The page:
Amusement H-2B Visas and Labor Shortage

Amusement H-2B Visa

Can the Amusement H-2B Visa Solve the Labor Shortage for Theme Parks?

Labor shortages currently plague many industries across the country, but the challenges facing the amusement sector are unique. These challenges can be traced back to the spread of COVID-19, which shuttered many theme parks and caused furloughs. Many staff members did not return. Furthermore, restrictions on immigration and temporary foreign labor exacerbated the shortages, which the amusement industry relies on. The solution for the amusement industry may come in the form of H-2B visas.

Demand for theme parks, carnivals, and other attractions is high, with crowds already at pre-pandemic levels. However, insufficient staffing has forced many parks to reduce hours, postpone season openings, or even reduce the number of days they are open to the public.

Park owners are understandably searching for solutions to the labor gap. Theme parks may consider employees with H-2B visas, which are given to non-immigrant, seasonal laborers. In other words, people who want to work in the U.S., but do not want to become residents. Recently, immigration restrictions have expired and the cap for the total number of H-2B visa recipients has increased.

In the past, the amusement industry has relied heavily on the H-2B visa program, in addition to the J-1 (or student visa) program. But each program has definitive benefits and drawbacks. In this blog, we will examine the pros and cons of the amusement H-2B visa and briefly touch on the differences between H-2B and J-1 visas.

The benefits of utilizing amusement H-2B visas

H-2B visa workers have long been the backbone of the amusement industry. And for good reason. H-2B visas offer a legal way for foreigners to live and work in the U.S. The H-2B labor force has proved to be a dependable source of ongoing employment. Enough visa recipients return year after year that the Department of Homeland Security recently expanded the cap by 20,000 to create space for new employees, 13,500 of which are reserved for returning workers.

It can be difficult to find domestic workers (especially in the current climate of the Great Resignation) willing to take on seasonal positions. Whereas, amusement H-2B workers live in housing provided by the employer and often enjoy favorable currency exchange rates, given the strength of the U.S. dollar.

Also read: Special Insurance Basics for the Amusement Industry

The downsides of H-2B visas

Despite industry reliance on amusement H-2B visas and the program’s benefits, there are considerable drawbacks. The most significant downside is the upfront expense. Through the program, employers are required to pay for employees’ visas, travel expenses, and lodging.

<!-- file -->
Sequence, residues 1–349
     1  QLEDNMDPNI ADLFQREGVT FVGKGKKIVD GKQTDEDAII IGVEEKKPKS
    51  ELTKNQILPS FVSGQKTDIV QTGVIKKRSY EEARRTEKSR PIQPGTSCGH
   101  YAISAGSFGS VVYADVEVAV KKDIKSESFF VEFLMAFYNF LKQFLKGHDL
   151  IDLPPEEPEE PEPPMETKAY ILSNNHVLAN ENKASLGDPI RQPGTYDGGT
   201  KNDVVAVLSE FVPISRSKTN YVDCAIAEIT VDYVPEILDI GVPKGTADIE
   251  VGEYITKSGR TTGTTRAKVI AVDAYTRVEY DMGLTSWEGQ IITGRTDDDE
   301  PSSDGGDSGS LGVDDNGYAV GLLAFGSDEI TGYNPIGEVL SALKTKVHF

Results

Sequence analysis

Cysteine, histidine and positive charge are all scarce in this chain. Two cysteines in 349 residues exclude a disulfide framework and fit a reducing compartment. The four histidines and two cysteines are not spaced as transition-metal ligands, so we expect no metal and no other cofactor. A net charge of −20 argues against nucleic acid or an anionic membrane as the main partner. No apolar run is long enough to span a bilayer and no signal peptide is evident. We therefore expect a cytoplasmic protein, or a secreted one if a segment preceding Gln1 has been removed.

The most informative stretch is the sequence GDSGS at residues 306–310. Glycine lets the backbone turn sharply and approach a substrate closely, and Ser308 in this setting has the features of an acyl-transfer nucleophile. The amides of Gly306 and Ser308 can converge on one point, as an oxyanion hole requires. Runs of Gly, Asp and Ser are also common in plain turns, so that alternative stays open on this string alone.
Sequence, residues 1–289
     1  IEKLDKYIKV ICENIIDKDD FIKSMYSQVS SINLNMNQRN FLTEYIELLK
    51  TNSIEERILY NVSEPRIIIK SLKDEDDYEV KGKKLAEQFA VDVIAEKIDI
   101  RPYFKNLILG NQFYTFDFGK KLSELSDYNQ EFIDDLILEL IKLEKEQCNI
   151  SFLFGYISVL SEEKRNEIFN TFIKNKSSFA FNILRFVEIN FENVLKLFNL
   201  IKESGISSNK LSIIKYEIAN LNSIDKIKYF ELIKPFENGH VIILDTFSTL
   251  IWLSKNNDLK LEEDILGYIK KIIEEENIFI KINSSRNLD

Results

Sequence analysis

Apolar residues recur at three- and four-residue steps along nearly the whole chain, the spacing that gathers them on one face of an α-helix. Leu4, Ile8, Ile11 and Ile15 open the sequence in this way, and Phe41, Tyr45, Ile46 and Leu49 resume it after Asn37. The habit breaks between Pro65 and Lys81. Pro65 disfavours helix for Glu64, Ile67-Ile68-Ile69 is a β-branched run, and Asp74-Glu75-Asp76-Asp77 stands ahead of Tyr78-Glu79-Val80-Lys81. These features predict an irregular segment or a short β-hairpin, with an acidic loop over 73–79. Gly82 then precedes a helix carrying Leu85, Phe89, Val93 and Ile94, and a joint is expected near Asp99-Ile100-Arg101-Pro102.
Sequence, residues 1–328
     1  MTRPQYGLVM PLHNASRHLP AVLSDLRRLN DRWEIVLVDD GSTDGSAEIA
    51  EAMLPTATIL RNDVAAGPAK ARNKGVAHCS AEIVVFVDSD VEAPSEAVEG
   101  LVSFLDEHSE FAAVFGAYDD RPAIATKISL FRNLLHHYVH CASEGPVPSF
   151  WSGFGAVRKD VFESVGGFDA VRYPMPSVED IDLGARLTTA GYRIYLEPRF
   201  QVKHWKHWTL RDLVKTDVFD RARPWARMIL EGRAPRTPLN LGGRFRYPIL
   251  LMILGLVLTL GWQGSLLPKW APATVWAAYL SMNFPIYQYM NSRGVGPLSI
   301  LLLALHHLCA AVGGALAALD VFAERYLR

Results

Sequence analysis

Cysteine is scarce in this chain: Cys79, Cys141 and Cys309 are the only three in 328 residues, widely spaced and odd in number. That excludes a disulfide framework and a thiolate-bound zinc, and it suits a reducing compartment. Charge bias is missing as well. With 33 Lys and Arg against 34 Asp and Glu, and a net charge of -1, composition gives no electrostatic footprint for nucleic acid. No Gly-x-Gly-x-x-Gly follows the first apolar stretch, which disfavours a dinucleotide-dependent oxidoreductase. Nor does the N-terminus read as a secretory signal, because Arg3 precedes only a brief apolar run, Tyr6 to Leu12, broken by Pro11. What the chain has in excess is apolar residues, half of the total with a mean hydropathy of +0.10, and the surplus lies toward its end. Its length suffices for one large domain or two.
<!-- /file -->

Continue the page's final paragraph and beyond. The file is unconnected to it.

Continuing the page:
Another drawback is uncertainty of labor availability. Returning H-2B visa holders are usually able to re-enter the country each season without issue, but new applicants rely on a lottery system imposed by the government. This lottery applies to employees (applicants that are selected to receive visas) and to employers (the number of H-2B employees they are eligible to hire each season). Factor in the changing cap on the number of H-2B workers and changing immigration restrictions, and it can be difficult for park owners to plan ahead for the season.

Also read: Why Developing an Effective Employee Training Program is Beneficials for Fairs and Carnivals

J-1 versus H-2B visa

J-1 visas are intended for “cultural exchange.” These visas are traditionally reserved for students, with some exceptions. There are J-1 programs for employment opportunities ranging from physicians to camp counselors to amusement park workers. However, there are a few quirks to the program that can make it untenable for park owners in the long run.

J-1 visa holders can only remain in the country as long as they are students, or their exchange program allows it. Additionally, changing visa types—for example, switching from a J-1 to a H-2B visa—may trigger the “two-year rule.” This rule states that anyone who changes visa types must return to their country of origin for two years. It is possible to attain a waiver for this rule. However, in the amusement industry, sticking with the H-2B visa might be a more reliable solution for park owners wishing to build a stable workforce.

Visas are complicated and sometimes have shifting requirements for the employer and employee. Amusement industry managers might find value in consulting with immigration lawyers and other experts when making the decision of what type of visa hires to pursue.

Also read: 5 Considerations for Strong Leadership in the Amusement Industry

Preparing for the unexpected

Labor shortages are causing park owners to take drastic steps, such as cutting hours or offering new incentives to their staff. The H-2B program, a long-time means of securing laborers in the industry, offers valuable solutions to the labor gap but brings with it a good measure of uncertainty.

McGowan Allied Specialty Insurance can help you prepare for the unexpected by getting the proper insurance coverage. McGowan has over 35 years of experience insuring theme parks, waterparks, carnivals, and other attractions, offering a wide range of coverage options.

Partnering with McGowan promises exceptional, long-lasting service and insurance coverage you and depend on.

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